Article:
The Rise and Fall of Biopolitics: A Response to Bruno Latour

Joshua Clover


How swiftly do genres of the quarantine emerge! Notable among them is the discovery of the relation between the present pandemic and onrushing climate collapse. The driving force of this genre is not holy shit two ways for a lot of people to die but the realization, or hope, that the great mobilizations of state resources currently being unspooled to address COVID-19 prove the possibility of a comparable or greater mobilization against ecological catastrophe, an even greater threat if somewhat less immediate. There is to be sure a certain mixing of analogies: in the United States, confronting climate change is conventionally likened to the New Deal or Marshall Plan, schemes to hedge against the charisma of communism, while addressing the pandemic decisively takes the language of war itself, a “war footing,” “wartime president,” and so on. This is an interesting slippage, no doubt, though both analogies rely on a vision of preserving global hegemony. Insert rueful laugh.

Bruno Latour provides a recent example of this genre; it appeared dually in Le Monde and Critical Inquiry on 25 March, here under the title “Is This a Dress Rehearsal,” and in French under the more prosaic but imperative “Health Crisis Demands We Prepare for Climate Change.”[1] The short piece is filled with the author’s habits of mind such as the inevitable “Latour Litany,” a list of all the various actors human and inhuman in an “entire network,” enumerated with an insistent leveling of its contents where what matters is that all these actors stand in ratio with each other, mute equivalents. It is as if exchange value had taken up a side hustle as a theorist. The goal is to demonstrate yet again the indistinction of nature and society toward discovering the obvious truth that “The pandemic is no more a ‘natural’ phenomenon than the famines of the past or the current climate crisis.”

But here problems arise for the comparison, as the author himself admits. Writing from France, he notes that Emmanuel Macron’s capacity to confront the pandemic is not of a kind with even his least gesture toward (purported) climate abatement, recalling how his gas tax was met not with relief and a thirst for more but with the riots of the Gilets Jaunes movement. Per Latour, this is because Macron — and ostensibly other leaders — have not forged the kind of new state that climate collapse will require. Instead, “we are collectively playing a caricatured form of the figure of biopolitics that seems to have come straight out of a Michel Foucault lecture.”

He means Foucault’s final lecture on the theme Society Must Be Defended, describing a new kind of power. Whereas once “Sovereignty took life and let live,” he writes, we discover toward the end of the eighteenth century “the emergence of a power that . . . in contrast, consists in making live and letting die.” This is the famous formula of biopolitics: the sovereign power to make live and let die.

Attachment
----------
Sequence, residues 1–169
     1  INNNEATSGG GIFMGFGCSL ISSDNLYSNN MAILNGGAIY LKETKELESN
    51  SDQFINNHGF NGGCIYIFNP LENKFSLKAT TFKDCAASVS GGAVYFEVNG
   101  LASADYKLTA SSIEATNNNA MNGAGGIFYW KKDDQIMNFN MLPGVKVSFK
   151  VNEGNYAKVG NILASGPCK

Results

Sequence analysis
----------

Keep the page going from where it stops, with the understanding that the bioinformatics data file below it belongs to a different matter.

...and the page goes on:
Latour notes that this power’s deployment in the present moment includes “the obliteration of the very many invisible workers forced to work anyway so that others can continue to hole up in their homes.” Rightly so — this is a peculiarly awful time to be a delivery worker, from the warehouse or restaurant to the driver anxiously tossing a box on your porch. Recent days have presented an even more devastating turn: recent pronouncements by various governmental figures who, noting the economic devastation of COVID-19, proclaimed that people would have to abandon quarantine procedures after a fortnight at the very most and return to work so as to avoid cratering the economy. This despite the medical certainty that this would lead to more transmissions and more deaths. Forty-four years and five days after Foucault’s lecture, Donald Trump tweeted, WE CANNOT LET THE CURE BE WORSE THAN THE PROBLEM ITSELF. AT THE END OF THE 15 DAY PERIOD, WE WILL MAKE A DECISION AS TO WHICH WAY WE WANT TO GO! If this was in any way opaque, two days later Texas Lieutenant Governor Dan Patrick speculated, “are you willing to take a chance on your survival in exchange for keeping the America that America loves for its children and grandchildren? And if that is the exchange, I’m all in.”

But this course of action is not speculative at all: rather it seems to be the express plan of the state, coming soon. Look, to save the economy, we’re gonna have to kill some folks. Like, a lot. Horrified humans immediately noted this was a blood sacrifice to capitalism and who could disagree? This is the most dramatic political development since the early hours of millennium if not very much longer. It must seem like the apotheosis of biopolitics: a crackpot sovereign deciding at national scale who will be made to live, who let die.

Except for the way in which this was, in the clearest manner, the reverse. By 22 March, Goldman Sachs was already predicting an unparalleled 2.5 million new jobless claims; this would prove optimistic.

Critical Inquiry